MIAMI — Even before Miami became a city, the area attracted renegades and tourists, dreamers and millionaires -- as well as mobsters, would-be presidential assassins, kidnappers, serial killers and cocaine cowboys.
Al Capone moved to Miami Beach in 1928. Giuseppe Zangara tried to kill the newly elected Franklin D. Roosevelt at Bayfront Park in 1933. And in the '80s, Colombian drug lords played out their turf wars.
On Thursday, the Historical Museum of Southern Florida in downtown Miami is unveiling a six-month exhibit called Crime in Miami, an exploration of the impact of crime in the area for the past 100 years, and the efforts of law enforcement to curtail it.
"What the exhibit will try to do is capture Miami's crime history during the last century to today and see how it's impacted the people of this community in the past, and in the future,'' said Miami-Dade Circuit Judge Scott J. Silverman, one of the founders of the 11th Judicial Circuit Historical Society.
Crime in Miami will span from Prohibition-era rum-runners and infamous gangsters, to infamous murder cases and the drug wars of the 1980s.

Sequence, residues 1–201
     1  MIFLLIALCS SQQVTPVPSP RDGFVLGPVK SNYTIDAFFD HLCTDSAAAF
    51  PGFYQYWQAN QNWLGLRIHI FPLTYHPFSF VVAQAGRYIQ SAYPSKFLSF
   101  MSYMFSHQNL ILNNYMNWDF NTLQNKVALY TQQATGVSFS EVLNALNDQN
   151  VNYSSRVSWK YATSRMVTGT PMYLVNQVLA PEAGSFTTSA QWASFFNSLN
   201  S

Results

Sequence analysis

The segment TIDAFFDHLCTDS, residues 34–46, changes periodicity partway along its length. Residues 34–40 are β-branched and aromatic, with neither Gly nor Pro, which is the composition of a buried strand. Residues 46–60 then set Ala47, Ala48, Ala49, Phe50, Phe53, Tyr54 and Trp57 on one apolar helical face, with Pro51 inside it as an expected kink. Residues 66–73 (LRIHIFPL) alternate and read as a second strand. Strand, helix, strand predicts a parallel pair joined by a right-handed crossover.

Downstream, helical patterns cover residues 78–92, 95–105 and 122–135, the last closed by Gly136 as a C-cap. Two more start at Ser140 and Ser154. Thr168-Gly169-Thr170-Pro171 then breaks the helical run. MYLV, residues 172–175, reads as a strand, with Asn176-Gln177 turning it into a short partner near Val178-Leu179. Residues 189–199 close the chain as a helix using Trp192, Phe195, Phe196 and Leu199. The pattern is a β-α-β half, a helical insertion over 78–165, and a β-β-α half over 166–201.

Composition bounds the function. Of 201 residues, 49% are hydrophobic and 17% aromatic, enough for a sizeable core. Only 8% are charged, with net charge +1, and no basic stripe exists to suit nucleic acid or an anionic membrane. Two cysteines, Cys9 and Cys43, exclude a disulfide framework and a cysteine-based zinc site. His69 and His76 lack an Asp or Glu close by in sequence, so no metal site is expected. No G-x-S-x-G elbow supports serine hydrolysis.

On display will be memorabilia, photographs and legal documents from the museum's collection along with fingerprint cards and other crime-detecting tools.
Among the crimes to be highlighted is the 1938 kidnapping-for-ransom of James "Skeegie'' Cash, the 5-year-old son of a grocery store owner in Princeton, in South Miami-Dade.
At a time when the nation was still reeling from the 1932 kidnapping of Charles A. Lindbergh Jr., Skeegie's snatching for a $10,000 ransom prompted headline-hungry FBI Director J. Edgar Hoover to head to Miami and set up headquarters in Princeton.
Suspicion soon fell on Franklin Pierce McCall, 21.
McCall confessed to kidnapping the boy and said he accidentally suffocated Skeegie as he covered his mouth to keep him quiet. He said he buried the boy and went ahead with his ransom plan. Sadly, by the time Skeegie's dad paid the kidnapper, his son was dead.
Another high-profile criminal case featured in the exhibit is the still-unsolved 1954 killing of 6-year-old Judith Ann Roberts.
It began with an intruder breaking into the home of the little girl's grandparents in what is now Little Havana. Her kidnapper took her from a living room bed.
By sunrise, her body was found on a desolate road in Coconut Grove. She had been beaten, strangled and sexually abused.
The lead detective, Irving Whitman, who lives in Miami-Dade, is expected to attend Thursday's exhibit opening. ``I've never forgotten this case,'' said Whitman, who is 88 and still hopes the murder will be solved one day.